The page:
Last week I went poking around in my archives - those boxes of old correspondence, photos and other memorabilia that have followed us over the years as we've moved from one continent to another. I was looking for an old family tree that was given to me before I left the States many years ago showing my ancestors (paternal line) going back to 18th/19th century Norway. I thought it would be fun to show the Frenchlings and, given the new French style of referring to women by their maiden names (I am always "Madame Reslock" at the hospital), the name is the object of some curiosity since "Reslock" is certainly not French, sounds vaguely European but no one I've met has been able to place it.
Lo and behold, as I was sorting though a mass of dusty old papers, I came across a few items from the very first job that I landed in Paris over 20 years ago. In retrospect, it was a much better job than I deserved. At that time I was fresh out of college, had limited French and knew very little about anything of consequence - in short a typical twenty-something young woman, newly married, very wet behind the ears, on the first real adventure of her life in Paris, France.
The organization I joined was an obscure NGO called the Committee on Space Research
(COSPAR) which was part of the International Council of Scientific Unions
(ICSU). COSPAR was very much a child of the Cold War. Founded in 1958 this organization was meant to be a relatively neutral forum for space scientists from all over the world to meet, exchange results and share information about a whole host of subjects related to space research
. Its governing structure reflected the political realities of the time: there were two Vice-Presidents, one from the U.S. and one from the U.S.S.R. but the President was always elected from a third country like France or New Zealand. My role in all of this was quite modest - I was the Assistant to the Executive Secretary, Zdislaw Niemirowicz
(Dzidek), and the Secretariat was based at ICSU headquarters on the Boulevard de Montmorency in the 16th district of Paris. Nonetheless, the job was fascinating. I was a huge fan of science fiction (Isaac Asimov, Robert Heinlein, C.J. Cherryh) so imagine my astonishment when I met scientists who were actually studying things that I thought were purely in the realm of the wildest futuristic fantasy: the solar wind, the geology of Mars, space biology, climate change. Just as good were the conversations I had with my boss Dzidek, an amazing man who lived through some of the most interesting (and sanguinary) events of 20th century Europe: World War II, the Warsaw uprising, and life behind the Iron Curtain in Poland before he was able to relocate to France with his family. There was even some travel involved since COSPAR held a conference every two years in some very interesting locales.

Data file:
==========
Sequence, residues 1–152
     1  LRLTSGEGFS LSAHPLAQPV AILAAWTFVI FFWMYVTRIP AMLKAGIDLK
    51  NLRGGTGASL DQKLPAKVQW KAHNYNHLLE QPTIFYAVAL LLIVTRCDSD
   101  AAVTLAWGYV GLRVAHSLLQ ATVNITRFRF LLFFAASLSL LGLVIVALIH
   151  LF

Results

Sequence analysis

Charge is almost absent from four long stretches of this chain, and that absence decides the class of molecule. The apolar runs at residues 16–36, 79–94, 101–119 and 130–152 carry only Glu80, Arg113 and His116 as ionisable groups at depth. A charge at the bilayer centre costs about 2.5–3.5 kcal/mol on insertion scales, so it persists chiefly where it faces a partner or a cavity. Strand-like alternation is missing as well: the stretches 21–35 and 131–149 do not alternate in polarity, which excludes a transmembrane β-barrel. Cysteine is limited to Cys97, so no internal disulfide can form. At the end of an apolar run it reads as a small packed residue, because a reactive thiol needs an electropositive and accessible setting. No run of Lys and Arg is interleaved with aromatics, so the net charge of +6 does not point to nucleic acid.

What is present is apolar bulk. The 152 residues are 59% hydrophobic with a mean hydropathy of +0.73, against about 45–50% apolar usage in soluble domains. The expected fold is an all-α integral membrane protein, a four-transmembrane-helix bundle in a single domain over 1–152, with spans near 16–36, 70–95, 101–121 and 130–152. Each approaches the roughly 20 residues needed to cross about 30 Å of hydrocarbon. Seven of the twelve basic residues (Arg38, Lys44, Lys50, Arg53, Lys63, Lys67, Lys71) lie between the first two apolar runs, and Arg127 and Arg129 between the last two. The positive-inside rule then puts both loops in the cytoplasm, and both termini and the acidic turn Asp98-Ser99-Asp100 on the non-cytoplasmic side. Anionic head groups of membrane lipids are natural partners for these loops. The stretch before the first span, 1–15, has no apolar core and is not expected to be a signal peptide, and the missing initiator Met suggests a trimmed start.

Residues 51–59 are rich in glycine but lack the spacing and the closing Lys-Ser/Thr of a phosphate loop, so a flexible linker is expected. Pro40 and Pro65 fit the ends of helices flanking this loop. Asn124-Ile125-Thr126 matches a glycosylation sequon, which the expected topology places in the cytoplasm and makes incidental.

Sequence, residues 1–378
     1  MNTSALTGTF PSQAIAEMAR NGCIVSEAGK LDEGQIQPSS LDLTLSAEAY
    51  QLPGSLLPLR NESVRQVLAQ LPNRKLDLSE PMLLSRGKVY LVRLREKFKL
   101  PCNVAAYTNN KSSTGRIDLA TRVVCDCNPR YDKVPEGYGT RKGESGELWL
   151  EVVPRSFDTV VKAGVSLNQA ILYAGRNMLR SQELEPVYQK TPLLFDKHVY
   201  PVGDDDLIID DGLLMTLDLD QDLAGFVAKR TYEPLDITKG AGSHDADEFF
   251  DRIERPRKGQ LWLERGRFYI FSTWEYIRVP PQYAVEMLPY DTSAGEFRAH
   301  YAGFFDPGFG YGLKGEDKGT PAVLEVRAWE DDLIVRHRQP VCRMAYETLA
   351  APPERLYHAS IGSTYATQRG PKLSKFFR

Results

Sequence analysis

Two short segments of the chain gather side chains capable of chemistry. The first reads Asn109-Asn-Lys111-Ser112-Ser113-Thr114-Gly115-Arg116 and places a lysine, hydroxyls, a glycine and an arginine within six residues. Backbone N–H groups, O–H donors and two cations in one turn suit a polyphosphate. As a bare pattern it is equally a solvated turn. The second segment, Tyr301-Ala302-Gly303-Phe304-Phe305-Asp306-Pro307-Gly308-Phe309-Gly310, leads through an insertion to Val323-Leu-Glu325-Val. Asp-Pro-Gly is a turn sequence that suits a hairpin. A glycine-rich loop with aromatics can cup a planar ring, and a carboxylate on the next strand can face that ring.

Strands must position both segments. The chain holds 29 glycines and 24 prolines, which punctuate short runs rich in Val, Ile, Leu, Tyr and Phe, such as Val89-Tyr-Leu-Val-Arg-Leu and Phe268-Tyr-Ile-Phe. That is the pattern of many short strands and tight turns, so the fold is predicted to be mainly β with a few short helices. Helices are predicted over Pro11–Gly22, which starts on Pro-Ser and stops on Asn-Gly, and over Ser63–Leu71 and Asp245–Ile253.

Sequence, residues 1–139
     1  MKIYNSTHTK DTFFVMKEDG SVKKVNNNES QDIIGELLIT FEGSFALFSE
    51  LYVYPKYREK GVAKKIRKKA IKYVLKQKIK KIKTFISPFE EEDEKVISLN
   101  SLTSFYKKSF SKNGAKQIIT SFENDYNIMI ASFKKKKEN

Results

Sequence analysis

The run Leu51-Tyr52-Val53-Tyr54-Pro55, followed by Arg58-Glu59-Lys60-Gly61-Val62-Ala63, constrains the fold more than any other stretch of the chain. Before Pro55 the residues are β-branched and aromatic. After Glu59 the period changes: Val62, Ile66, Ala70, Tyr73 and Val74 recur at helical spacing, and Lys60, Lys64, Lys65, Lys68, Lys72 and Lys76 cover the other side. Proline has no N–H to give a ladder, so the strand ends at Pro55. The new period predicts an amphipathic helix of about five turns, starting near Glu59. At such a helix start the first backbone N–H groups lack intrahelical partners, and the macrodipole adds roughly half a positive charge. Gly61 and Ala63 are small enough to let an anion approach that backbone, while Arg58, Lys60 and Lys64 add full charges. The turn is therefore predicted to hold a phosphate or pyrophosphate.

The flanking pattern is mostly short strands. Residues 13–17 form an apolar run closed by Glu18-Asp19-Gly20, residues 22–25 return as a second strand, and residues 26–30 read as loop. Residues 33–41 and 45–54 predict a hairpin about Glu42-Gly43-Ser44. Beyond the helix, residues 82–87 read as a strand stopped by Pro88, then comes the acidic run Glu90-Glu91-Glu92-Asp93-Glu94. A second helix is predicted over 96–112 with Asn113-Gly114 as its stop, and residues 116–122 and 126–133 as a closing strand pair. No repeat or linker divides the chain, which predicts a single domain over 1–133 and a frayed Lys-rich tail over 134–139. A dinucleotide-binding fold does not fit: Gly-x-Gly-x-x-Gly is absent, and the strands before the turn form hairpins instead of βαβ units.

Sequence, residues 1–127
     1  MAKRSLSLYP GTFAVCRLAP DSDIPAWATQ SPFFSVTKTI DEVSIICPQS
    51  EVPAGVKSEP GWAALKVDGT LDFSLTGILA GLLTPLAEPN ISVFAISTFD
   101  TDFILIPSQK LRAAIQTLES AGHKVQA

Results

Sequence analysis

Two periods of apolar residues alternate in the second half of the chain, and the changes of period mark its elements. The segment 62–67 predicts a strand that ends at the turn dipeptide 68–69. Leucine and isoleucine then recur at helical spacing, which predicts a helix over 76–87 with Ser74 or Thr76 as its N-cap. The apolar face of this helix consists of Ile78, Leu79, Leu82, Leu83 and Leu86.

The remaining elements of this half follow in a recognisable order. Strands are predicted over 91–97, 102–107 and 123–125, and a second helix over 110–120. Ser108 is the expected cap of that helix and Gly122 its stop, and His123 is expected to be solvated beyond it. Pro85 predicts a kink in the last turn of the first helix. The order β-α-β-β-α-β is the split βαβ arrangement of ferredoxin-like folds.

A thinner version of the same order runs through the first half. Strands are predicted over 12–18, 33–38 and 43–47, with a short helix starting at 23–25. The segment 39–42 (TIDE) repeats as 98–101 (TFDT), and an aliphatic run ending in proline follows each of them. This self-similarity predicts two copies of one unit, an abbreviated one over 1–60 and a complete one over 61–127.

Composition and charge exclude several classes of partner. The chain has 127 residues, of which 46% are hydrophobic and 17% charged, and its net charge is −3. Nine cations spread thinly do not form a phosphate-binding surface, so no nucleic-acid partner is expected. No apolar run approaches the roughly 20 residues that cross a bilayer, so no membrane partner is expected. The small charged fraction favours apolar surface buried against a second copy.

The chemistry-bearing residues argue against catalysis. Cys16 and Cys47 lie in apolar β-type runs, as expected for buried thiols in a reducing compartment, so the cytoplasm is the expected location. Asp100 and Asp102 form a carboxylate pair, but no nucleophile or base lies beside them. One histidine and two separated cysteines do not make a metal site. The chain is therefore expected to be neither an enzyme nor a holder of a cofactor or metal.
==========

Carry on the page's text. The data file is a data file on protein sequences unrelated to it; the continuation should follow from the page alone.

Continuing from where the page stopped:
After a few years we once again decided that the grass was greener on the other side of the Atlantic and we moved on. But I still have some great memories of my time at COSPAR and I try to keep up with space exploration projects going on in Europe and other places. There is a lot more going on than one would imagine from reading the newspapers, watching the news and trolling the Internet. Space just isn't big news these days and perhaps that is understandable given the various crises that have people afraid for their jobs and governments agonizing over their national budgets. Still, it's sad that we have so little time or inclination these days to dream of the final frontier. And it's a bit short-sighted since our ultimate survival as a species may in fact depend on our getting off this damn rock one day. As Robert Heinlein once said, "The Earth is just too small and fragile a basket for the human race to keep all its eggs in."
Happily there are still scientist and engineers quietly working on it and making progress. Here is what ESA (European Space Agency) has on the agenda for 2012.
That is what is as we start the second decade of the 21st century. For one of the best reads about what could be, check out one of my all-time favorite science fiction novels, Downbelow Station
by C.J. Cherryh.
Bon dimanche à tous!
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